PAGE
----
When Simone Zimmerman arrived at the check-in window at the Israeli border with Egypt, it didn’t take long for the young activist to run into trouble.
Zimmerman, a Jewish American living in Israel, quickly became a person of interest after telling the border agent that she worked for an Israeli advocacy group that assists Palestinians. She says that led to a series of “super-charged” questions about her professional activities and political views.
The agent wanted to know why she worked with Palestinians, not Jews, and asked for the names of Palestinian contacts in the West Bank. Agents unlocked her phone, asked her opinion of Prime Minister Benjamin Netanyahu and threatened to deport her if she lied. After four hours, Zimmerman, who had taken a brief vacation in Egypt, was allowed to return to Israel.
A series of similar incidents at Israeli border crossings has highlighted a growing gulf between the country’s hard-line government and liberal Jewish Americans who say they support Israel but oppose its policies on issues including religion, President Donald Trump and especially the continued occupation of the West Bank.
This shift already appears to be having important implications for what historically has been a close relationship built on almost unquestioning bipartisan support. Some Jewish leaders have begun to criticize Israeli policies publicly, and some predict that the Democratic Party — home to an estimated 70 percent of American Jews — could soon turn away from its support for Israel.
A poll published by the American Jewish Committee in June showed deep differences between U.S. and Israeli Jews on issues like Israeli settlements, religious pluralism and Trump’s policies. Only 34 percent of American Jews, for instance, supported Trump’s handling of relations with Israel, compared with 77 percent of Israeli Jews.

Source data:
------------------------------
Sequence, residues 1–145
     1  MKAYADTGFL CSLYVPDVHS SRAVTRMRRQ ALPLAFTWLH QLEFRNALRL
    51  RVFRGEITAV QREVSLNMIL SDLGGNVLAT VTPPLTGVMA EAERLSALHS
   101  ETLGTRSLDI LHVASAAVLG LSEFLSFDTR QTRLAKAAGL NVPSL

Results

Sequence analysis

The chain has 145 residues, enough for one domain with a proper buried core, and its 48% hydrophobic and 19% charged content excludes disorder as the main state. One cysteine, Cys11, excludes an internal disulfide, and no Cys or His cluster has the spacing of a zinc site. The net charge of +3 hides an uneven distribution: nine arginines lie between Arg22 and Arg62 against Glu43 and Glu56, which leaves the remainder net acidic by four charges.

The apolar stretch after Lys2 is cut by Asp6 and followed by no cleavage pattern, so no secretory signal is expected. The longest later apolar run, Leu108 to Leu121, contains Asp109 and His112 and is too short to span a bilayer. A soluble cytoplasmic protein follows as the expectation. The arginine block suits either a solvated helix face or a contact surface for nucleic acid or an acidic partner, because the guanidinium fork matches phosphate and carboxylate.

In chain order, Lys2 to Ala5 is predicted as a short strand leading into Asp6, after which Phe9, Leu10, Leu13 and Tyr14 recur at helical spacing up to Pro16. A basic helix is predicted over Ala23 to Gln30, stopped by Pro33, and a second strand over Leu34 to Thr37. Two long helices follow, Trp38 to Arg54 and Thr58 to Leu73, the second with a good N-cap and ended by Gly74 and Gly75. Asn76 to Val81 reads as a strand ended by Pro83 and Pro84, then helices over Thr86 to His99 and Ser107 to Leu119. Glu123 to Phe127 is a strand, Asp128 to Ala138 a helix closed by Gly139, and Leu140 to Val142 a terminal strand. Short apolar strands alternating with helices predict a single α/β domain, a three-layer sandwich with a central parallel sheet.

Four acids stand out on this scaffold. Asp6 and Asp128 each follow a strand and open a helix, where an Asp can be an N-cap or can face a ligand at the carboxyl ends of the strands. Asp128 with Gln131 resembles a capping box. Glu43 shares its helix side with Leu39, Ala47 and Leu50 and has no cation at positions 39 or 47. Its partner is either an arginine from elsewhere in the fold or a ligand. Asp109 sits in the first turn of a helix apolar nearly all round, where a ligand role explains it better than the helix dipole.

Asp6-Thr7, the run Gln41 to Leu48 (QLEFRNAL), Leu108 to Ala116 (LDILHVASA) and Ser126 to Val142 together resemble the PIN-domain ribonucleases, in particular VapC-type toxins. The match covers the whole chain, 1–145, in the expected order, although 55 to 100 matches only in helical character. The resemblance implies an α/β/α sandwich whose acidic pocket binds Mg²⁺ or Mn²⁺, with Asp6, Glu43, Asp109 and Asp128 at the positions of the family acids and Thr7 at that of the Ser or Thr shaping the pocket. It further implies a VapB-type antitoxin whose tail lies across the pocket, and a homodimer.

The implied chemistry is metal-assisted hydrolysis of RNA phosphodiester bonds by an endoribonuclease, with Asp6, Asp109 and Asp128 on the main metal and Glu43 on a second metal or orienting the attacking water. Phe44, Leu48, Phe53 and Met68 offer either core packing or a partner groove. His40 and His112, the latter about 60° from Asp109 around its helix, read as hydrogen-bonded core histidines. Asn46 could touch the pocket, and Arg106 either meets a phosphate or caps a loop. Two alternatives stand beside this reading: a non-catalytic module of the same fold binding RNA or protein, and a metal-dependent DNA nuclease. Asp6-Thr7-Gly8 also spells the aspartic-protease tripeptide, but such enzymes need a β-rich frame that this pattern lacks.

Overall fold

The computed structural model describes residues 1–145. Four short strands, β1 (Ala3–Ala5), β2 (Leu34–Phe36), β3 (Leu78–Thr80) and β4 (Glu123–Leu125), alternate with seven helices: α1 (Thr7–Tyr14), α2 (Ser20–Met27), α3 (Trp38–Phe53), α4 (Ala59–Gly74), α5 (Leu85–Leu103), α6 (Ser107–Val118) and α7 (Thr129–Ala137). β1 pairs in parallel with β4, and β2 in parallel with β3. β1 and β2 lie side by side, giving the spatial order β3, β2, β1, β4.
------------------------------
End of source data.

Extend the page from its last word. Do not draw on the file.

A separate poll conducted by the Pew Research Center early this year found deep partisan differences in attitudes toward Israel, with Republicans more sympathetic to Israel than Democrats by a nearly 3-to-1 margin.
The differences between the world’s two largest Jewish communities have been in the making for years.
Non-Orthodox American Jews have long identified with liberal causes, such as civil rights and social justice, and have become well-integrated into mainstream American society. They have a high rate of intermarriage with non-Jews, are less engaged in Jewish communal life than their parents, and tend to hold relatively dovish attitudes in Israel’s conflict with the Palestinians, according to Steven Cohen, a prominent sociologist who studies the American Jewish community.
In contrast, many Israelis have more conservative world views. They generally oppose mixed marriage, have a more collective identity and take a harder line toward the Palestinians, Cohen said.
“Essentially, you have a liberal American Jewry confronting an increasingly conservative Israeli electorate, specifically an Israeli Jewish electorate,” Cohen said.
Despite these differences, the Jewish American establishment — led by the influential pro-Israel lobbying group AIPAC — has firmly backed the Israeli government and its policies over the years. But a series of decisions by Netanyahu’s government has begun to soften that support.
Netanyahu upset many American Jews by appearing to side with Mitt Romney over Barack Obama in the 2012 presidential election. He openly welcomed Trump’s election in 2016 and has angered many American Jews by forging a close relationship with a U.S. president they see as anathema to their values.
The relationship hit a major turning point last year when Netanyahu, under pressure from religious political partners, called off an agreement to create an egalitarian space where men and women could worship together at the Western Wall, Judaism’s most holy prayer site. The Reform and Conservative movements, which represent most affiliated American Jews, slammed his decision.
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Source: Religion News Service